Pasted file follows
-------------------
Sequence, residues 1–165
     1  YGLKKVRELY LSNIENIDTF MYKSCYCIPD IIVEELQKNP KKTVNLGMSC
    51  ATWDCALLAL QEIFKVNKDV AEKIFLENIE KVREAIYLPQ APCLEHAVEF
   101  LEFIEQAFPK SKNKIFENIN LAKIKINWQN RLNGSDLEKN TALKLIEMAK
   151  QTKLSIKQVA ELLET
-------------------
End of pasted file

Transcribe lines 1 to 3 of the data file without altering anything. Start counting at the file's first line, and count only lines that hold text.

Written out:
Sequence, residues 1–165
     1  YGLKKVRELY LSNIENIDTF MYKSCYCIPD IIVEELQKNP KKTVNLGMSC
    51  ATWDCALLAL QEIFKVNKDV AEKIFLENIE KVREAIYLPQ APCLEHAVEF